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I use marine grease on the joints and moving parts of my wiper motor animatronics. It's more water resistant than regular grease. Honestly, I had a tube of it from back in my boating and fishing days, tried it on a prop and it seemed to work well so I stuck with it. Not sure how well it would work on plastic gears though.
 

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I'd ask - was there grease to begin with? are these plastic gears? brass? other? Any specific goals? lube, obviously, but any issues with water (possibly not if an indoor prop.

If the gears are plastic, no lube was originally in them and this is an indoor prop with light use, you might just consider leaving them dry. Plastic gears are often some type of 'slippery' type plastic...think nylon, polypropylene, etc. So at low speeds/low loads of a prop, they are somewhat 'self lubricating' and don't really need grease as it just attracts dust.

If you do need just a bit of lube and still plan for occasional/indoor use, you could likely get away with WH grease ..."whatever is handy"

If you're planning on outside/damp locations and a lot of use, the marine grease - likely some sort of white lithium grease - would likely work OK and give a bit more compatibility with water/moisture.

If you're looking to spend a lot for a little and want to go 'top quality', then likely some sort of grease from a hobby shop specifically designed for plastics would be ideal. These are typically designed for harsh environments, heavy loads, etc.


As far as specific brands, dunno. If it was here, I would probably give it a blob of Supertech, just because that is what I grabbed off the walmart shelf a dozen years ago and happen to have handy.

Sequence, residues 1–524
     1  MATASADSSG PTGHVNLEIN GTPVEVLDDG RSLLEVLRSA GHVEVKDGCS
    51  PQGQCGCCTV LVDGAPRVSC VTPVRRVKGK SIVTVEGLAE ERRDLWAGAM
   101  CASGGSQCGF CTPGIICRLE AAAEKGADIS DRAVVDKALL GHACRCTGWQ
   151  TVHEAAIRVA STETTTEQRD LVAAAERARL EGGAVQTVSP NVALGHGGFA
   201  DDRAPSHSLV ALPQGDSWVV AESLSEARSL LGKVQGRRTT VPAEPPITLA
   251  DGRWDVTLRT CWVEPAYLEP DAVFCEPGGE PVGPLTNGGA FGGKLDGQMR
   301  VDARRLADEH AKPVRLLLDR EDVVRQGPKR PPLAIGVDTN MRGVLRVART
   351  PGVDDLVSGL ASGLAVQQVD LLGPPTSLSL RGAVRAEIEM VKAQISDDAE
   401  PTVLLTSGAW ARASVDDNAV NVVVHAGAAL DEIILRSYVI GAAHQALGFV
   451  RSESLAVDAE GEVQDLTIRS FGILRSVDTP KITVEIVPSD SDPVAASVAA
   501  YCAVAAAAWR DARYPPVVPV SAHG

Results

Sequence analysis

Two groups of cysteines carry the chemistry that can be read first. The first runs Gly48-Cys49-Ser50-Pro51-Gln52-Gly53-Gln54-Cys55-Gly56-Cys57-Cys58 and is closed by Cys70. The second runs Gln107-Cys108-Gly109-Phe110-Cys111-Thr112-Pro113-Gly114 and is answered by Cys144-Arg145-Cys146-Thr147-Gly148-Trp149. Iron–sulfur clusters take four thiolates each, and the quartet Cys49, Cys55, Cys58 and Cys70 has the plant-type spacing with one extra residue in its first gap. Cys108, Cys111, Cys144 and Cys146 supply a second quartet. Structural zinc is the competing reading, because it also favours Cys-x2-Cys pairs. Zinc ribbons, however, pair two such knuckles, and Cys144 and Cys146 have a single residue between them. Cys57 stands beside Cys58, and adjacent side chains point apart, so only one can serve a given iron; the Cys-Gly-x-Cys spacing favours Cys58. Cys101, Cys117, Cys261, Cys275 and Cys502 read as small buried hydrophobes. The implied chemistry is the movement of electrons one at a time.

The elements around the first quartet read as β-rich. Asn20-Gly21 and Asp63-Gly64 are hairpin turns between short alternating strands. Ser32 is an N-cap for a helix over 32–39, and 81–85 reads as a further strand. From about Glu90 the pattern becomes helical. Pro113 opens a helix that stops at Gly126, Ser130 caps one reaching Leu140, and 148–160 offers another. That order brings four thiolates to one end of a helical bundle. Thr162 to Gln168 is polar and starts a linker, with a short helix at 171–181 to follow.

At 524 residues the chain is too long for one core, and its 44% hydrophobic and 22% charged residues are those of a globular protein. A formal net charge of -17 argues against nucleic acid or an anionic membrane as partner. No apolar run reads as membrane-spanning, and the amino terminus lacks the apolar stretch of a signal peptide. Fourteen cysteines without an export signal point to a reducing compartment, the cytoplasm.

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I use marine grease on the joints and moving parts of my wiper motor animatronics. It's more water resistant than regular grease. Honestly, I had a tube of it from back in my boating and fishing days, tried it on a prop and it seemed to work well so I stuck with it. Not sure how well it would work on plastic gears though.
A dab'll do ya. Marine grease is great, a pea size amount is enough or even more than enough for most small metal gear and part lubrication. For plastic gears, use white lithium grease. Funny, I can smell marine grease in my head just thinking about it.

then likely some sort of grease from a hobby shop specifically designed for plastics would be ideal
A well stocked RC hobby shop has all kinds of things that cross over into prop fixing/hacking/building. Good, high capacity, small rechargeable batteries are indispensible, plus paints, tools, electronic parts, etc. One year I made an RC car dressed like a spider that leapt out of the bushes at 65 mph. My Dad had so much fun operating that one!

Specific brand? Doesn't matter. They're all the same that are chemically the same. Get the cheapest of the type you end up selecting. Auto parts shops like NAPA are super helpful, too. If you explain to the counter guy/gal what you're doing with it, they'll point you in the right direction.
 

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I use Super Lube on any nylon/plastic looking gear. It is an excellent lubricant that is extremely compatible with most all types of plastics and can withstand extreme temperatures.

The general rule, or at least what I was taught, is that with plastic/nylon gears use lubricants with a high aging resistance. Conventional petroleum based lubricants or additives used in some lubricants will actually attack plastic parts as they age.
 

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Discussion Starter · #8 ·
I use Super Lube on any nylon/plastic looking gear. It is an excellent lubricant that is extremely compatible with most all types of plastics and can withstand extreme temperatures.

The general rule, or at least what I was taught, is that with plastic/nylon gears use lubricants with a high aging resistance. Conventional petroleum based lubricants or additives used in some lubricants will actually attack plastic parts as they age.
Thanks! Just the answer I was looking for.
 
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